VoIP making slow entry onto Vermont’s telecom stage

VoIP making slow entry onto Vermont’s telecom stage

Kelley, Kevin

Just when many Vermont businesses thought they were successfully navigating the turbulent telecom technology scene, here comes another new product threatening to upend the somewhat settled voice sector.

Voice over Internet Protocol (VoIP) a technology that can turn computers – wired or wireless – into low-cost telephones, poses challenges for both landline and cellular phone operators.

Start-ups specializing in VoIP, such as New Jersey-based Vonage, are attracting more and more commercial as well as residential customers With the promise of unlimited calling locally, nationally and internationally at rates the traditional telecom providers generally do not match. Vonage and other VoIP providers further fatten their pitch by offering features such as call forwarding and caller ID at no extra charge.

So far, however, only a few Vermont companies have adopted VoIP, partly because their telecom providers may not be making it available – or may be charging unattractive rates. In addition, VoIP could be the latest example of an exciting new telecom technology that’s slow in reaching the Green Mountain State due to its small market size.

But state officials and some telecom executives predict that VoIP will soon take off and keep soaring in Vermont.

“Businesses that are tech-savvy are looking at VoIP as potentially a great way to optimize their existing networks and to save a bundle of money,” says Tom Murray, deputy commissioner for economic development. He further notes that more and more Vermont businesses as well as residences have access to the high-speed Internet connections that VoIP requires.

As of September 2004, about 80 percent of Vermonters were able to subscribe to cable, DSL or wireless hookups that speed data far faster than do dial-up connections. The quickening spread of high-speed Internet capability during the past few years marks a significant advance in Vermont’s overall economic development strategy, Murray says.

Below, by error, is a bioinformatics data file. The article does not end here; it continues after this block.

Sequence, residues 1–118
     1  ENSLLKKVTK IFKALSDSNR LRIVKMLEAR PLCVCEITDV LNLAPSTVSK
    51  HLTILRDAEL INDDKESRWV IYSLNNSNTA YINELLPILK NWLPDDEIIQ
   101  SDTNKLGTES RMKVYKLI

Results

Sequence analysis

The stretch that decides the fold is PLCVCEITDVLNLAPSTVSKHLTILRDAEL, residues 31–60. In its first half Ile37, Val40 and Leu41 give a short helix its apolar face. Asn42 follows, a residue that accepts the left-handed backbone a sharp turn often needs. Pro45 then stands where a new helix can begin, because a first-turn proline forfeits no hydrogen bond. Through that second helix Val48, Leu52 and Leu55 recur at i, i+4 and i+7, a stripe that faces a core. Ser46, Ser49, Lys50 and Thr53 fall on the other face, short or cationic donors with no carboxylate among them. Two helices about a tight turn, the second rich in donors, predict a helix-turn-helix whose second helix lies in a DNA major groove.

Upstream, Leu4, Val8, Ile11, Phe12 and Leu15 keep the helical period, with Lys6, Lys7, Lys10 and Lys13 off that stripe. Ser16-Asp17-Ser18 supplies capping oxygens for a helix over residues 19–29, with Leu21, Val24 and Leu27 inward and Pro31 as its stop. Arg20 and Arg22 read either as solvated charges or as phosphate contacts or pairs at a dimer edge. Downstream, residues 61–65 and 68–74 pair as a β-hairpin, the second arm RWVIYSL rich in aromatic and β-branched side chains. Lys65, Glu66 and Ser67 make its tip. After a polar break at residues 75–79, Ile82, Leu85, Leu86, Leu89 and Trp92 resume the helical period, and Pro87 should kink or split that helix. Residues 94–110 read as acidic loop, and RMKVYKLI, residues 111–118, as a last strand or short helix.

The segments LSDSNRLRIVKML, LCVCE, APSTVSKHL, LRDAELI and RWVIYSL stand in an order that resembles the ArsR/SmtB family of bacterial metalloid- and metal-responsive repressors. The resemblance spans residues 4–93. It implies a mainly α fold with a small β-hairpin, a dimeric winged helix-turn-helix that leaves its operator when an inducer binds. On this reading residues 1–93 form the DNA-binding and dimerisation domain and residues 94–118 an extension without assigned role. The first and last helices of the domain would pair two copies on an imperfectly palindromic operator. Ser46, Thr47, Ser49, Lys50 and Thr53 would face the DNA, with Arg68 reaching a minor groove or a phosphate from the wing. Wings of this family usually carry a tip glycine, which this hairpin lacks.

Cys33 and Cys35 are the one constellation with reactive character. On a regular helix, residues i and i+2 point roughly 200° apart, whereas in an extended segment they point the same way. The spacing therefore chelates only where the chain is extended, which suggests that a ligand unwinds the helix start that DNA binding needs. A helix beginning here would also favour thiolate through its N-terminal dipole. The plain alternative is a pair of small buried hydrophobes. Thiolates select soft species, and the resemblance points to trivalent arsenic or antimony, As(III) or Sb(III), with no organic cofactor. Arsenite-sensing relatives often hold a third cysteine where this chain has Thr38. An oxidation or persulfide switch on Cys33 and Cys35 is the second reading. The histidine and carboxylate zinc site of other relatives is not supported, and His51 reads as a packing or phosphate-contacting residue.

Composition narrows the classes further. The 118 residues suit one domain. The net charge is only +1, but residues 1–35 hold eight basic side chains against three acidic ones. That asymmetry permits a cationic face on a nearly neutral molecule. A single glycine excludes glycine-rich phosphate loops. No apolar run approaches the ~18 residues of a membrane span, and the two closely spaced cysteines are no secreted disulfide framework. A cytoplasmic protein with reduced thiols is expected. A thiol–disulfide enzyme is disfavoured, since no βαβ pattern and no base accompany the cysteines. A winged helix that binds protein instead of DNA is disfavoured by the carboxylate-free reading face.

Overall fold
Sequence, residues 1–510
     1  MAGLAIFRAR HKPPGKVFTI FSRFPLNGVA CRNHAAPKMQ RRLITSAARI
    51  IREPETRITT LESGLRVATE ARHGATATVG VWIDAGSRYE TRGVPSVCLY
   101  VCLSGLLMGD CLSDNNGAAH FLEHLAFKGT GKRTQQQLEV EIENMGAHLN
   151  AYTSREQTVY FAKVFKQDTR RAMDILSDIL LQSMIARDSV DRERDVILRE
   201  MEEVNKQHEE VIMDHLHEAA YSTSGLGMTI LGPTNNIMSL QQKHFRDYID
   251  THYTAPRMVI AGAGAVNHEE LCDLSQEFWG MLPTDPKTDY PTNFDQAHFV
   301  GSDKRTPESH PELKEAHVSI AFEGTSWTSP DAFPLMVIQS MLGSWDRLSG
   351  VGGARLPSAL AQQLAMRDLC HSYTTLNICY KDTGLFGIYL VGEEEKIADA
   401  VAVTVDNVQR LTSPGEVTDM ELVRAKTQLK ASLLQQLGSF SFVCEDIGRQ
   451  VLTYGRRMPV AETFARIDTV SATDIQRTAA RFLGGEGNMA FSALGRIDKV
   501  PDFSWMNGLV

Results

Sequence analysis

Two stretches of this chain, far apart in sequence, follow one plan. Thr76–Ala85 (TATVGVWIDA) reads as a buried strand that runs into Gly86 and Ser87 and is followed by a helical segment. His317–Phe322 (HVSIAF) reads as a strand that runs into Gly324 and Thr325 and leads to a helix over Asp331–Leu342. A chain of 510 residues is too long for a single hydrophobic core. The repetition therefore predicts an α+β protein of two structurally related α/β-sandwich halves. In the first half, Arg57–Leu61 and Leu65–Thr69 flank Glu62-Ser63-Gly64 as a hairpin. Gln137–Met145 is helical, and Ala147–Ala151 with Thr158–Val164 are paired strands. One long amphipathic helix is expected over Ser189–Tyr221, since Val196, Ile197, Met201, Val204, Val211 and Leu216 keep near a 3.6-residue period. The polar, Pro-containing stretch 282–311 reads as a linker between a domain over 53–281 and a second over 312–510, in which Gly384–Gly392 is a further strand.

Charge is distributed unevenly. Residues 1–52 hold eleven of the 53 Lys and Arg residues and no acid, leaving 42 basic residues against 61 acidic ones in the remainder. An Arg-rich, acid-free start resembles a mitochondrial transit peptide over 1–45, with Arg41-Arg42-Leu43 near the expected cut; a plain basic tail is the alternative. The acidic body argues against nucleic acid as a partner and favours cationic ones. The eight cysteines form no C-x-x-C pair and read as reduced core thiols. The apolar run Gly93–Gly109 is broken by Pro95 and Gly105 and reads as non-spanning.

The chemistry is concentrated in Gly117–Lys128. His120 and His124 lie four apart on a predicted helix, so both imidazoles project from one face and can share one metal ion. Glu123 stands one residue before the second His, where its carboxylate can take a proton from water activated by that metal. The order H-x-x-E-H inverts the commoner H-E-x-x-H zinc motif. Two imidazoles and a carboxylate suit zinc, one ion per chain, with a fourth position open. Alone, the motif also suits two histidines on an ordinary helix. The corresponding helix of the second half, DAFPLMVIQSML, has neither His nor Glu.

Peter Stolley, marketing director for Sovernet, says, “VoIP is absolutely coming to Vermont in a big way, especially ,where cell phone coverage is spotty. For the future, I would bet more on VoIP than on cellular in Vermont.”

Sovernet, a Vermont-based telephone and Internet provider, offers VoIP for businesses via its own network. Having control over the medium presents major advantages, but, Stolley says, his company will probably have to move its VoIP product onto the public Internet as Sovernet seeks to grow this service.

“I would love to keep it exclusive to us, but using the Internet will give us access to market share we do not currently have,” Stolley explains.

CTC Communications, one of New England’s larger competitive local exchange carriers, also offers VoIP in Vermont through its own network. And CTC, headquartered in Waltham, MA, expects a big increase in its Vermont market share following its acquisition earlier this year of Lightship Telecom, a New Hampshire-based carrier that had been expanding its presence in Vermont.

Routing VoIP calls through its private network “allows us to control the quality of the service,” says CTC vice president for marketing Paul Weichselbaum. “There are no sound distortions or interference this way. People in the business world don’t tolerate bad connections,” he says.

Perhaps the surest sign of a bright future for VoIP can be seen in the actions of some leading Internet firms. eBay, the wildly successful online auctioneer, recently made a $2.6 billion offer for Skype, a Luxembourg-based Internet phone company. eBay made its bid amidst rumors in financial markets that Google and Yahoo were also interested in acquiring Skype.

But Google may not have needed Skype anyway, since the company, famous for its Internet search engine, apparently plans to become a telephone company as well. A recently launched instant-message program called GoogleTalk can carry voice transmissions as well. Subscribers to Gmail, the company’s e-mail option, can use Google Talk to make free phone calls anywhere in the world.

That feature may present special challenges to landline and cellular phone providers.

In Vermont, it is not only well-known telecom players who are getting involved with VoIP. Several small firms are offering the service as well.

Verizon, the leading telecom provider in Vermont, sells a VoIP product called VoiceWing. It offers an unlimited US calling plan for a monthly charge of $34.95 – not as low as some packages, but within the more attractive price range. Vonage offers a “premium unlimited” package covering calls anywhere in the United States and Canada for $24.99 a month. A similar Vonage plan for small businesses costs $49.99.